A successful Story Arc in a game is more than just Escalation. Escalation involves having the stakes increase as the game continues. It's a good feature, but not as rewarding as Story Arc, and easier to incorporate in a game design. Two games that incorporate Escalation are Union Pacific and Modern Art. As the board develops in Union Pacific, each railroad company becomes more valuable, and so the difference between leadership and second or third place become more dramatic. This helps insure that as the game wears on, the excitement stays palpable. It also helps insure that players who have fallen behind can catch up. Modern Art increases the values of paintings in later rounds, and it also increases the amount of money at stake for an artist to achieve at least third position. However, although the increasing stakes in these games cause them to accelerate, neither of them markedly shift gears.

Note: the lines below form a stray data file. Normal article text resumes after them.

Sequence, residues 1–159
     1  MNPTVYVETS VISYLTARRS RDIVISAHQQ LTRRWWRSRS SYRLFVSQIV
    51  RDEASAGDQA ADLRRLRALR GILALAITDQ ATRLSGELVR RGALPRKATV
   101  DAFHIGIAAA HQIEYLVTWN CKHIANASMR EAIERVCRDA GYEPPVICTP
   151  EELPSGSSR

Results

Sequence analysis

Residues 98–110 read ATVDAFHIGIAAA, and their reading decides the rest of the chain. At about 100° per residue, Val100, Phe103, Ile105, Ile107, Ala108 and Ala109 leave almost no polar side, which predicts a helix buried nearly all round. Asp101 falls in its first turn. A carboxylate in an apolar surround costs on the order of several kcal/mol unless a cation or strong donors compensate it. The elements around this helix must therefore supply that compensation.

To achieve that gear shift, a game often has a tipping point at which things change qualitatively. That tipping point will frequently involve the exhaustion of scarce resources - whether it is board space or some other game commodity. Acquire uses the 25-share limit to help achieve a tipping point that begins to push the game in new directions. In the beginning of Acquire money is tight, and players are mostly concerned with insuring a cash flow by holding a majority stake in at least one or two companies, however modest, and getting them to be the junior partner in a merge. By mid-game, money has become less scarce (for some!), and players begin to butt up against the absolute limit of available shares for each company, which will determine the ultimate majority shareholder. Now players need to carefully count shares and their relative positions as they decide which battles to wage and which ones to wait on. As the scarcity of shares becomes a greater factor, players experience a tipping point and find themselves sliding into a different type of game along Acquire's story arc.